Let the mixture cook for 2 or 3 minutes and add the kale (if you don’t want your soup to have too much of a “cabbagy” flavor, you can substitute half of the cabbage with chard). Add salt and pepper, quanto basta. Add water to cover and cook as long as you can. If you have a piece of Parmesan rind or some leftover bacon, do not hesitate to throw it in.
I always let it cook at least two hours, stirring every now and then, and adding water, if necessary. When it is ready, taste to see if it needs some more salt.
Put the toasted slice of bread (grilled would be even better!) in a deep plate and pour the soup over it. One last essential step: Add a little swirl of extra-virgin olive oil to each serving, and sprinkle with some freshly ground pepper.
Pasta alle erbette
This, on the other hand, is a super-quick sauce; you can put it together as the pasta (spaghetti, usually, but anything goes) is cooking.
Ingredients: for four, more or less…
In a pan large enough to accommodate the pasta later, gently fry onion and garlic in extra-virgin olive oil for 3 or 4 minutes; add the herbs, fry for a couple of minutes more, add the tomatoes, and cook for 3 or 4 minutes.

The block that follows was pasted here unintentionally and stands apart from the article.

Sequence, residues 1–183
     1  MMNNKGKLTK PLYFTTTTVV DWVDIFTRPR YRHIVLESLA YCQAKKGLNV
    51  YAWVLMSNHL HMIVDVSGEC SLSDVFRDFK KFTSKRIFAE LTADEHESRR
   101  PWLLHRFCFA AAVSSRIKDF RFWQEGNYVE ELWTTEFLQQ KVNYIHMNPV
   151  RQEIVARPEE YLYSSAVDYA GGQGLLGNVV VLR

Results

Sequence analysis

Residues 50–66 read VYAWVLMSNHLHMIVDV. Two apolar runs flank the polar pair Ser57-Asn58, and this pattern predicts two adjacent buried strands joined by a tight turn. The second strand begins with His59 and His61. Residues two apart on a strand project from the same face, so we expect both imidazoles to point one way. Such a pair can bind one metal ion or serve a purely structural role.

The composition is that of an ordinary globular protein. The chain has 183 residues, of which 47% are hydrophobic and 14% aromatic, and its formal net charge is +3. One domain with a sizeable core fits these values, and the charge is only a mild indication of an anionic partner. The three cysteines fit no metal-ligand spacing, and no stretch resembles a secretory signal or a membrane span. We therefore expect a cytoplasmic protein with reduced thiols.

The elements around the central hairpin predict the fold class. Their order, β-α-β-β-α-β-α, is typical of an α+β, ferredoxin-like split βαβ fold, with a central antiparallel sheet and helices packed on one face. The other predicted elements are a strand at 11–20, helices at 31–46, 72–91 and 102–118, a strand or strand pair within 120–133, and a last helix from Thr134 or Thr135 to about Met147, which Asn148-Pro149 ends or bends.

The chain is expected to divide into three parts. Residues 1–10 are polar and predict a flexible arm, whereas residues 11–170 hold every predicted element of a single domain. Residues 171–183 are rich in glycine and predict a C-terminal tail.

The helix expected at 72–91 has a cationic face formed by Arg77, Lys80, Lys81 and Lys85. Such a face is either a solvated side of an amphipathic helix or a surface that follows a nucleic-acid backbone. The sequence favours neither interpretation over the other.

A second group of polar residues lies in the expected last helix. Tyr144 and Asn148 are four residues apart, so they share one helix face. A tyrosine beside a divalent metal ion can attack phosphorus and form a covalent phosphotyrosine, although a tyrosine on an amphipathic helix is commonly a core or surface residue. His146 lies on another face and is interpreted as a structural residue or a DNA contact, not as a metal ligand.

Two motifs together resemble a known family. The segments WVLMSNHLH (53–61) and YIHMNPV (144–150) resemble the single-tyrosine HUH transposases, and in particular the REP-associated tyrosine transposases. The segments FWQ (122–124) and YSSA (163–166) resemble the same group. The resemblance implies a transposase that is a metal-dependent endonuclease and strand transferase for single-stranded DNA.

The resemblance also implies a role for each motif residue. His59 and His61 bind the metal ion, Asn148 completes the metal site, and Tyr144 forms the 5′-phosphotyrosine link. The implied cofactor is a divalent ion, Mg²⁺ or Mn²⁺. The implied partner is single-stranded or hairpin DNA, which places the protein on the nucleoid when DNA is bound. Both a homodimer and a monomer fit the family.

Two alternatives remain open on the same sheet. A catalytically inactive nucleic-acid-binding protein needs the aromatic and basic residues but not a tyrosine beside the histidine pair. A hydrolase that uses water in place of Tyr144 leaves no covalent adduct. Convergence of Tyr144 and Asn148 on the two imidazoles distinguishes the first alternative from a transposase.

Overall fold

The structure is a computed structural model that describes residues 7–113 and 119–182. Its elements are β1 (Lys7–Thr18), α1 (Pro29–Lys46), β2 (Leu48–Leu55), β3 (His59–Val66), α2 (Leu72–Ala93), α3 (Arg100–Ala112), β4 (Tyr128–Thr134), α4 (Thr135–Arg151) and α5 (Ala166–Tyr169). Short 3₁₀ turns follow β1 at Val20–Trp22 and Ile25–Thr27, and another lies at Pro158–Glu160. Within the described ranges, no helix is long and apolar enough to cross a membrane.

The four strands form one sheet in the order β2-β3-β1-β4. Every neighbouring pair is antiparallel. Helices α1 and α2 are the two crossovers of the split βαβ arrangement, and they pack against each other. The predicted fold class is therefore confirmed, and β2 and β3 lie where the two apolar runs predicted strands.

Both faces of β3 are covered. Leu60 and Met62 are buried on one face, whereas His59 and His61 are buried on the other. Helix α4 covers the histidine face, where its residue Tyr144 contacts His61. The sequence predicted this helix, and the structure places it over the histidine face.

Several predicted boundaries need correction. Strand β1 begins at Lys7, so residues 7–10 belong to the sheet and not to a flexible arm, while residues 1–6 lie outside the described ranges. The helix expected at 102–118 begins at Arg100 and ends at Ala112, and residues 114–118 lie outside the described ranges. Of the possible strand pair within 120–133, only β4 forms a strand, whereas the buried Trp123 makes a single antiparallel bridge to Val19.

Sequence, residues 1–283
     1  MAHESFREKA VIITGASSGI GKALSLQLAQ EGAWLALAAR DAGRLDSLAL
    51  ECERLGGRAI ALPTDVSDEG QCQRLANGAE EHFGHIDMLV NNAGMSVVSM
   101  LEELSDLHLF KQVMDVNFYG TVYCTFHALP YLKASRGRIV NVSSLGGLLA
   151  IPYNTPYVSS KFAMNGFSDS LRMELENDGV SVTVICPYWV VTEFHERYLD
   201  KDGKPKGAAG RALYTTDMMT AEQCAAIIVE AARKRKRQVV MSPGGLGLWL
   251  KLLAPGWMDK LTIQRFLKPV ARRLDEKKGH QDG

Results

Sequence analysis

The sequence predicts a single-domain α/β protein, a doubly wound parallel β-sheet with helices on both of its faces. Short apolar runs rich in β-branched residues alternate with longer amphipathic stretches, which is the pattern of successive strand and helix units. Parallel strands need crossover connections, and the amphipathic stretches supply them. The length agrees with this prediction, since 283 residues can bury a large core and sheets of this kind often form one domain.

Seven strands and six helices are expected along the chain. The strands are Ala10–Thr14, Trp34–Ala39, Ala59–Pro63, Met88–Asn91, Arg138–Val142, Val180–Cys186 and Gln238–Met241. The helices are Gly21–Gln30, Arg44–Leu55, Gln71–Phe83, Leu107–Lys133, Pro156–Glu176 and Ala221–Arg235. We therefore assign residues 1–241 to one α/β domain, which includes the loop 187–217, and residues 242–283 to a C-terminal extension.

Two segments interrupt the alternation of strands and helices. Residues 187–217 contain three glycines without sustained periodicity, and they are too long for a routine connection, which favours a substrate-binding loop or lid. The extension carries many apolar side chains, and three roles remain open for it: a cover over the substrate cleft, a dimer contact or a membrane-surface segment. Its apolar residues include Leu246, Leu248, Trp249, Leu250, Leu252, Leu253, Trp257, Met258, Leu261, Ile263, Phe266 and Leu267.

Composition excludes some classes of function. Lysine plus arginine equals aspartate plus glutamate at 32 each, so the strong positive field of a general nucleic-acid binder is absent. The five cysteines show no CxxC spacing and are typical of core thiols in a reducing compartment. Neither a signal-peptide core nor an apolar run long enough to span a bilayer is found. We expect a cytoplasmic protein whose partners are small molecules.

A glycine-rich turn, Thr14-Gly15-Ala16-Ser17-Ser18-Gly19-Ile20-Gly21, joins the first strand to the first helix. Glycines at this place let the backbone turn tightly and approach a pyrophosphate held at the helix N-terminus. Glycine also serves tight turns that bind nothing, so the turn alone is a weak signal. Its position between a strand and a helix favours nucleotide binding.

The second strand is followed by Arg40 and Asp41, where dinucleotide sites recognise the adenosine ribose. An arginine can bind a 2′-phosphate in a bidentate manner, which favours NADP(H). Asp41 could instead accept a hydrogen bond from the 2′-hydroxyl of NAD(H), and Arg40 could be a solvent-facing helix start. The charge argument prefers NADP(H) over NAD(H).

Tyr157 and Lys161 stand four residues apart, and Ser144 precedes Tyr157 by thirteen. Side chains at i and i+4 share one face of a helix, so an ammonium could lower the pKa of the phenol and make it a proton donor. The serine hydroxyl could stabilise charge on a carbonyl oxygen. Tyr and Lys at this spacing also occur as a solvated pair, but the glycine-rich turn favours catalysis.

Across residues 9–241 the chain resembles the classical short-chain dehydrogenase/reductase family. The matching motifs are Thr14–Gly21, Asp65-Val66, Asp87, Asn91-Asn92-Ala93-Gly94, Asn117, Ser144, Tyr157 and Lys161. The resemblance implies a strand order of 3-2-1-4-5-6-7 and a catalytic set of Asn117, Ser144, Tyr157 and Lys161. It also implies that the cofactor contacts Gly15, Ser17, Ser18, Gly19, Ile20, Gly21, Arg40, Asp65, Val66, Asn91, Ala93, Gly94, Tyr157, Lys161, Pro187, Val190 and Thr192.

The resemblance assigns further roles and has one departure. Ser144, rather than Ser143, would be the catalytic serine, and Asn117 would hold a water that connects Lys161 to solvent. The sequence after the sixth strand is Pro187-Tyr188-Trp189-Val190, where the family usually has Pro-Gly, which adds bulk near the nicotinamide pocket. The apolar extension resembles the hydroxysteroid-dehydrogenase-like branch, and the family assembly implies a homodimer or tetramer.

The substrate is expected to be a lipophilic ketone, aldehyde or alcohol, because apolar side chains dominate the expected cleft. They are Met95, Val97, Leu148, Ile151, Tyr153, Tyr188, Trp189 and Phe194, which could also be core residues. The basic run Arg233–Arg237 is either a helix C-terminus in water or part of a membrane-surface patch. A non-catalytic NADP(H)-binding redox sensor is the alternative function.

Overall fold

Cook the pasta in boiling salted water (don’t be too shy when adding salt to the water — most of the salt will stay in the water). When the pasta is ready, drain it, add it to the pan with the sauce and, with the heat low, add the cream and stir well. Serve immediately, with or without Parmesan cheese.
One last thing: when you drain pasta, always save some of the acqua di cottura (cooking water): when you mix pasta and sauce, if it looks or it becomes dry, you can add a few tablespoons of that water.